KIMONO HAT Concept | Kimono Upcycled | Keiko Tagai

Kimonos that once colored Japan are now sleeping in closets or discarded without being worn.
We create hats by breathing new life into vintage kimonos with the sincere hope that tradition will be passed on to the future.

One-of-a-kind, Handcrafted

We make hats by dry cleaning kimonos, carefully untying the threads, pressing them with steam to make a single piece of fabric, then cutting, hat-blocking and sewing each piece one by one while considering the layout (the way the pattern appears).
All products are handmade by artisan in Japan.

Unisex, Genderless

Keiko Tagai offers items that transcend the realms of race, gender, and age, valuing the freedom and individual beauty and personality of all people.
All items are suitable for everyone, as long as the size fits.

 

- Kimonos in use -

Kimonos in use | KIMONO HAT | Keiko Tagai

We use carefully selected vintage and antique kimonos. They range from those in good condition to those that are difficult to wear as kimonos.
We use clean parts except for stained parts, but some items may have slight stains or smells peculiar to kimono, but we hope you can feel Japanese culture and history.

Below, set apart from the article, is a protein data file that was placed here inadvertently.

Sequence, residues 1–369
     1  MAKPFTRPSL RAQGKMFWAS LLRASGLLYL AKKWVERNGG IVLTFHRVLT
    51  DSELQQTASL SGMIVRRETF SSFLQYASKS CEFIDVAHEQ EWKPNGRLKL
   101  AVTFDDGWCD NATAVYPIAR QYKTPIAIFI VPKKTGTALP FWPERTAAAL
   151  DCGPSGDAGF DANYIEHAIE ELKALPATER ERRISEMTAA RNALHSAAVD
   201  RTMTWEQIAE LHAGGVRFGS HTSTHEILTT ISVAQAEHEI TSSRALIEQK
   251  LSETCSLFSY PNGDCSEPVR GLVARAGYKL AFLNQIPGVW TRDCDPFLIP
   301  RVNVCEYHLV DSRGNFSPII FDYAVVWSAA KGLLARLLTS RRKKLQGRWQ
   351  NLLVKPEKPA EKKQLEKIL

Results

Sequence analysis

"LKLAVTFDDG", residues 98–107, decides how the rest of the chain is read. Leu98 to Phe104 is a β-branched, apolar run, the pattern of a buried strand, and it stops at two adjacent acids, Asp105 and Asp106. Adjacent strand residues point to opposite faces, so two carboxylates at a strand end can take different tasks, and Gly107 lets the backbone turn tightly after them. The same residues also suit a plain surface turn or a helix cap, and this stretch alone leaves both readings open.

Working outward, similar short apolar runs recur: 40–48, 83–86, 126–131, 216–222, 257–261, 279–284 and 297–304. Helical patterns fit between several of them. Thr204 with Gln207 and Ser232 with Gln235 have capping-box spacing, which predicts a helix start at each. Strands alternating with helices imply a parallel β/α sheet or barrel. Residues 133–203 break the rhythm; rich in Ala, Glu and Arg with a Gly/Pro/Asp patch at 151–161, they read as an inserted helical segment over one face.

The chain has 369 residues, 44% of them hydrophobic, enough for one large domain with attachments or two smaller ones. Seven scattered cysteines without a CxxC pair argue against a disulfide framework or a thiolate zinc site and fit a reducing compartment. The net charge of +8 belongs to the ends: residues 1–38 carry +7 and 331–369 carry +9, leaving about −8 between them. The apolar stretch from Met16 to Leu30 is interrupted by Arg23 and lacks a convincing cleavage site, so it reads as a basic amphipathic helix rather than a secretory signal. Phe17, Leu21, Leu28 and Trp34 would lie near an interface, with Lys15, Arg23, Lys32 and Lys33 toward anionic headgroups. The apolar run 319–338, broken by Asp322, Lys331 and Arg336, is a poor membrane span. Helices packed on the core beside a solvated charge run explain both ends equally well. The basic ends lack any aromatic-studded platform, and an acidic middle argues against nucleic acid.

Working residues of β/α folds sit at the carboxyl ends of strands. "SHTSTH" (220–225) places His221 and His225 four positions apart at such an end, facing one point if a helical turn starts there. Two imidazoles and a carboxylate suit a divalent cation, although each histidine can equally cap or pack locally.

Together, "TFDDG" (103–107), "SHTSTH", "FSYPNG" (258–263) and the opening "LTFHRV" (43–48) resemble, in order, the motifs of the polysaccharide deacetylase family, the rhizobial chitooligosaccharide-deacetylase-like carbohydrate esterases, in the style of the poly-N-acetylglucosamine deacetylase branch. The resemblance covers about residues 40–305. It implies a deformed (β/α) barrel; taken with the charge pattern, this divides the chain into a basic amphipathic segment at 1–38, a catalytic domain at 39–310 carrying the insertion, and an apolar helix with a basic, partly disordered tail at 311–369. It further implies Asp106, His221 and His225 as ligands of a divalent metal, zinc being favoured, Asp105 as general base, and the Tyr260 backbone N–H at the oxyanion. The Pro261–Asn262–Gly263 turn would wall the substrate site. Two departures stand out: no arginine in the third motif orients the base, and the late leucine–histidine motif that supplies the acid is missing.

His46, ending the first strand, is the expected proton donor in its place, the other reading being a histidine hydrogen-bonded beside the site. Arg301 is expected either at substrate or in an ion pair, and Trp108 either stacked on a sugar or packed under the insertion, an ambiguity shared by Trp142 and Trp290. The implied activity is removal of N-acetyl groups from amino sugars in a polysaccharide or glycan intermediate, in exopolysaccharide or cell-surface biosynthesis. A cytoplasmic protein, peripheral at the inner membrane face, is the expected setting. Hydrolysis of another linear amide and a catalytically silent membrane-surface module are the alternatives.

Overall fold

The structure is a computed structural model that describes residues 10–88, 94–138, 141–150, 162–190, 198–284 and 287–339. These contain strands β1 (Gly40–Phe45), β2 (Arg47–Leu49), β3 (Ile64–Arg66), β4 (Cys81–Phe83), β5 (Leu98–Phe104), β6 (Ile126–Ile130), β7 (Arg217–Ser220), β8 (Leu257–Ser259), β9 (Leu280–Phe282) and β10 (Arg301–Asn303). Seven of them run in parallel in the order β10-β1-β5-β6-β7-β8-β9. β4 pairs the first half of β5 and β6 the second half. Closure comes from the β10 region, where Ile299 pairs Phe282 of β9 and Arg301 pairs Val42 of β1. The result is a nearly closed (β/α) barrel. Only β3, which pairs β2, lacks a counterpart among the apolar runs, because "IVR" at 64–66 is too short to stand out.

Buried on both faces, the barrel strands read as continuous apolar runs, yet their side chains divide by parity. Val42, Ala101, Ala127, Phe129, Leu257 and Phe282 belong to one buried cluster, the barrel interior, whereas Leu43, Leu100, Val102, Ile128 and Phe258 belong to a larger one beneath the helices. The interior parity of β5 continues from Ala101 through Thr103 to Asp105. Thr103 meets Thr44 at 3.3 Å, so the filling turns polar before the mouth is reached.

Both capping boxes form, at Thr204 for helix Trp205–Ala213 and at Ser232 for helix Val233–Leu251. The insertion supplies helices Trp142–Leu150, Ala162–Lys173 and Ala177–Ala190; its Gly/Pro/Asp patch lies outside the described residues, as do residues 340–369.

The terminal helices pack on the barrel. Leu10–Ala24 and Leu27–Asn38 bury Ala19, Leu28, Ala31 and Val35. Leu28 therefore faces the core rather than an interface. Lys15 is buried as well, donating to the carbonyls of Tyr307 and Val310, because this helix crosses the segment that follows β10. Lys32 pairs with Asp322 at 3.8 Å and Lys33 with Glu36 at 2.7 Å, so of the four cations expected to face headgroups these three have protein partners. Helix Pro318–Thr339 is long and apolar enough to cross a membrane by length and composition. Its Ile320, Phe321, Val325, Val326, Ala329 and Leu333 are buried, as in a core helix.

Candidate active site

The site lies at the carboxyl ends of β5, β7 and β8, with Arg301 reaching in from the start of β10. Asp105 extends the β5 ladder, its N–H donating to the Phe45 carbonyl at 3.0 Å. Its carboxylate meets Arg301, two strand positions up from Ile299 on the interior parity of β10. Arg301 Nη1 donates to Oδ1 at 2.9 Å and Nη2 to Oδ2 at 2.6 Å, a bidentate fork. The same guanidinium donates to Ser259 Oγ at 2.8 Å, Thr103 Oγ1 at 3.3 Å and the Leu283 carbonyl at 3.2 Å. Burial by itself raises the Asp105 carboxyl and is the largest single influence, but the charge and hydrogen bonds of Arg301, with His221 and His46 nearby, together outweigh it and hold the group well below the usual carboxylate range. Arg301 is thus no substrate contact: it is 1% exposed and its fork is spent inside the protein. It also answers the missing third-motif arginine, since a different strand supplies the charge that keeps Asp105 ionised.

* For more information about the kimonos we use, please click here
"Types, Grades and History of Kimono".

 

- What is a real KIMONO? -

What is a real KIMONO? | KIMONO HAT | Keiko Tagai

A kimono is a traditional Japanese garment.

The kimono is created through the combined efforts of many Japanese craftsmen by hand. From creating the pattern, to basting, rough sketching, gluing the pattern and fabric, dying, steaming, washing, applying gold leaf, embroidering, tailoring, and more, there are approximately 10–20 processes — requiring craftsmen to combined their strengths to create a single kimono.

It takes decades to become a professional craftsman. The traditional Japanese kimono is the result of decades of experience, craftsmanship and sensibility.